That, however, has to be applied and implemented in real practice, which led to the concluding phase of “work out your own salvation with fear and trembling”, and asking the question: what does God want me to do? Like that of the Lord Jesus, it will mean humiliation, ‘death to self’, misunderstanding, and maybe worse but, hard though it might appear, with discipline, it will be “God who works in you to will and to act in order to fulfil his good pleasure”. And that will be seen in appropriate human behaviours in what may be described as the ‘mundane’ aspects of ordinary living among ordinary folk; yet enabled by a divine power.

The remaining issue is: response. How do we respond to such a message? Will we learn the lesson? Will we put it into practice? The sphere for that outworking is not any grand theatre but in the ordinary walk of life; nor is it the province of the few but the responsibility of all for none is insignificant or exempt. Our testimony and effectiveness, whoever we are, will depend on that. It is a glorious prospect as the hymn assures us that “listening to His voice new life the dead receive”. But, equally Hebrews warns: “See that you refuse not Him who speaks from heaven”. It is an obligation to “walk worthy of the vocation to which you have been called”.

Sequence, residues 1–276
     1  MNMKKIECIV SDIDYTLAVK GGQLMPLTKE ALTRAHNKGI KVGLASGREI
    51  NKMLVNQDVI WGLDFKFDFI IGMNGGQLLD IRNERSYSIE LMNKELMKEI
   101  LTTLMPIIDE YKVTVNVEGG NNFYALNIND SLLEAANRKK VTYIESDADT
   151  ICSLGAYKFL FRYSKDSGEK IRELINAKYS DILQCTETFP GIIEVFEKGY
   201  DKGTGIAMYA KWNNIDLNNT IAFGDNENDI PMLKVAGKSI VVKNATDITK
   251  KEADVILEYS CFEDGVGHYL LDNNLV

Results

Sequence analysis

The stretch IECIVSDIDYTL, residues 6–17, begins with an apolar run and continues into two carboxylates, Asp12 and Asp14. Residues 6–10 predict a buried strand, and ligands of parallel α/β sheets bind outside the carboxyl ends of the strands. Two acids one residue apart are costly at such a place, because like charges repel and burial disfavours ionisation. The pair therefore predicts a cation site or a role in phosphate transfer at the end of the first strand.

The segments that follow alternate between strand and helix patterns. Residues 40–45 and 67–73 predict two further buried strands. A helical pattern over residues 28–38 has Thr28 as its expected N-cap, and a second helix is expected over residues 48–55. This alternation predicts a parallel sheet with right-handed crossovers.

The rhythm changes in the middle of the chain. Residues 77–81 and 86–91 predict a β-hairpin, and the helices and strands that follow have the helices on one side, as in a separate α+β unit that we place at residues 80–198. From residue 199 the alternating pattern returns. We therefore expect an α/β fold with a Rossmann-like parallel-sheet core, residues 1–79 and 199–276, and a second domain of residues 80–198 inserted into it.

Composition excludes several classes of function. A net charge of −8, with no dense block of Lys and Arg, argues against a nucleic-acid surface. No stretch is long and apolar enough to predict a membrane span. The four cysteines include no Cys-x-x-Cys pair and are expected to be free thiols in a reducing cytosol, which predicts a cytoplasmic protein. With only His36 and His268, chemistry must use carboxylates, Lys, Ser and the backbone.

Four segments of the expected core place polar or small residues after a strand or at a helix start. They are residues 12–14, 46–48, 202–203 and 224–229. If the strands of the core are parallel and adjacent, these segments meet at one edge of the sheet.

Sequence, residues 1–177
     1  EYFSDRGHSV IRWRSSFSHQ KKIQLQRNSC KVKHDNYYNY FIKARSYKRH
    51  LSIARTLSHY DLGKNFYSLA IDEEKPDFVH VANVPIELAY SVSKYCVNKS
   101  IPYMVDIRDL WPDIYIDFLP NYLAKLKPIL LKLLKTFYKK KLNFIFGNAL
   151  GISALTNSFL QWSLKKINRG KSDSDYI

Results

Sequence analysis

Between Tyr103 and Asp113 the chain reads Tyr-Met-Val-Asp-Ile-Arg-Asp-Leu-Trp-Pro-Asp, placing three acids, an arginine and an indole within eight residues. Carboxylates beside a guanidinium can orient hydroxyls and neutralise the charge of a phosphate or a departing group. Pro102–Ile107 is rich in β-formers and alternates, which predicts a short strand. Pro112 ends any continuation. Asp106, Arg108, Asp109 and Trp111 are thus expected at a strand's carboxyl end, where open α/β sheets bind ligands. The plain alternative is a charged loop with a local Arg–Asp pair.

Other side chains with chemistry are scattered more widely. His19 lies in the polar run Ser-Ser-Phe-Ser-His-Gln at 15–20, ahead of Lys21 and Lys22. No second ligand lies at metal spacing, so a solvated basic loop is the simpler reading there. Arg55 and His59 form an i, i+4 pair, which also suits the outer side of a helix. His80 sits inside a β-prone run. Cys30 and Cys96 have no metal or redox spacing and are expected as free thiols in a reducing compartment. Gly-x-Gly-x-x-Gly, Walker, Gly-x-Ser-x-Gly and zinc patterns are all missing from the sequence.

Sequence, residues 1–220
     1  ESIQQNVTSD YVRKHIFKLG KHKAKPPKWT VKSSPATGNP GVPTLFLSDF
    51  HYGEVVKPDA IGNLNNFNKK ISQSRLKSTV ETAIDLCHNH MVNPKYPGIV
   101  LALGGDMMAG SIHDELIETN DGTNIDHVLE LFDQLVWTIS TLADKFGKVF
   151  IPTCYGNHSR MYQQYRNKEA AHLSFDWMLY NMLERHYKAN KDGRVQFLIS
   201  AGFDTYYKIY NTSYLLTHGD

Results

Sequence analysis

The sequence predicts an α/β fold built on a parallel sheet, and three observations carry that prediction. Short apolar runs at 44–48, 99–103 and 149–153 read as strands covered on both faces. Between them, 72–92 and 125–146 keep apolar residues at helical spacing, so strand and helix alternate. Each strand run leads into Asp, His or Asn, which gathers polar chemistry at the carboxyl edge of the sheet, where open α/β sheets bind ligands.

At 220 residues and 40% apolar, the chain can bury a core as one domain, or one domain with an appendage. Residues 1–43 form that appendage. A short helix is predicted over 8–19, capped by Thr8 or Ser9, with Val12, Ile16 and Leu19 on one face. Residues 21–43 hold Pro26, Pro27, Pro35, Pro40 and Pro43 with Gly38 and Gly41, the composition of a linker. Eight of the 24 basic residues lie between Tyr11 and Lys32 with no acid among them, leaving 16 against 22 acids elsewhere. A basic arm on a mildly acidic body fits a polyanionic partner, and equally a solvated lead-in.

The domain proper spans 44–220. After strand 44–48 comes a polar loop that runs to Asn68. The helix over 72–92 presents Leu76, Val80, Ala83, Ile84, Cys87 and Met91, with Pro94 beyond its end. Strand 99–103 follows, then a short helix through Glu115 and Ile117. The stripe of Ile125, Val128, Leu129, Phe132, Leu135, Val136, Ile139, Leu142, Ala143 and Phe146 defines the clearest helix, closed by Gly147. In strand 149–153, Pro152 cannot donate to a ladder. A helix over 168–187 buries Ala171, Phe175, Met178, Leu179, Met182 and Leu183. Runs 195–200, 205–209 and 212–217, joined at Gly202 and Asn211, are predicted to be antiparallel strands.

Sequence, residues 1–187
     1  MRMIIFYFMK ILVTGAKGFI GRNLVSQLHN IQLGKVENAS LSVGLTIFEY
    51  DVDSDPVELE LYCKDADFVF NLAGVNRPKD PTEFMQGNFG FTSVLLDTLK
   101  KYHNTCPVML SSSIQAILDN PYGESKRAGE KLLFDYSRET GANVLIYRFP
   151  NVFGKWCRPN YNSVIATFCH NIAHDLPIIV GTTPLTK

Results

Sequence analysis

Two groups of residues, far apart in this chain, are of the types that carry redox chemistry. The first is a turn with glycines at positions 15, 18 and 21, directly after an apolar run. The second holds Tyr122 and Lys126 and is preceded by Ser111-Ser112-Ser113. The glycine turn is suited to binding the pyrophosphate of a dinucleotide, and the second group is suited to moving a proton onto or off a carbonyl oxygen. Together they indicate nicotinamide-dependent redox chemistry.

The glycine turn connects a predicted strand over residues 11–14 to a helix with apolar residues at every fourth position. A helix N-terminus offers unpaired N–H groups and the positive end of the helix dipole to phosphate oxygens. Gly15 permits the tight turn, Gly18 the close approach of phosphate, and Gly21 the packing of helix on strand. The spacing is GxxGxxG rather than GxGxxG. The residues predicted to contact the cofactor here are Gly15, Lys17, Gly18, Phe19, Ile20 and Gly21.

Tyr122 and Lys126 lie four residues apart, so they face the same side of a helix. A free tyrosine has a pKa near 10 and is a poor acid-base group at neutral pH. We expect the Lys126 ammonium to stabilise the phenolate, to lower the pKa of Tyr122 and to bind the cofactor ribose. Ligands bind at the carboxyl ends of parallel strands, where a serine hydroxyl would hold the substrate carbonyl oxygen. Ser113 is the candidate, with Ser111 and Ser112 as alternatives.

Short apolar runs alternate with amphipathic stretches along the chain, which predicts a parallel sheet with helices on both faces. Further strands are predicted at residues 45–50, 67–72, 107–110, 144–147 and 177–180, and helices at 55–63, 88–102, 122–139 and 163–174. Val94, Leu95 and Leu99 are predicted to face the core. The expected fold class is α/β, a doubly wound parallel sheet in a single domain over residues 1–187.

It will not be easy. There will be stumbles and inadequacies. God understands that and encourages those who “look to Jesus the author and finisher of our faith”. Faltering is accommodated but refusal will lead to the same situation as obtained when “men preferred darkness rather than light”. That could lead to condemnation, but that is not what God wants: He is a redemptive God.

That is why God speaks creatively. The God “who spoke unto our fathers by the prophets” is speaking today and longs to see that Word taking effect: Christ in you”. When He sees that, He will “see of the travail of His soul, and be satisfied”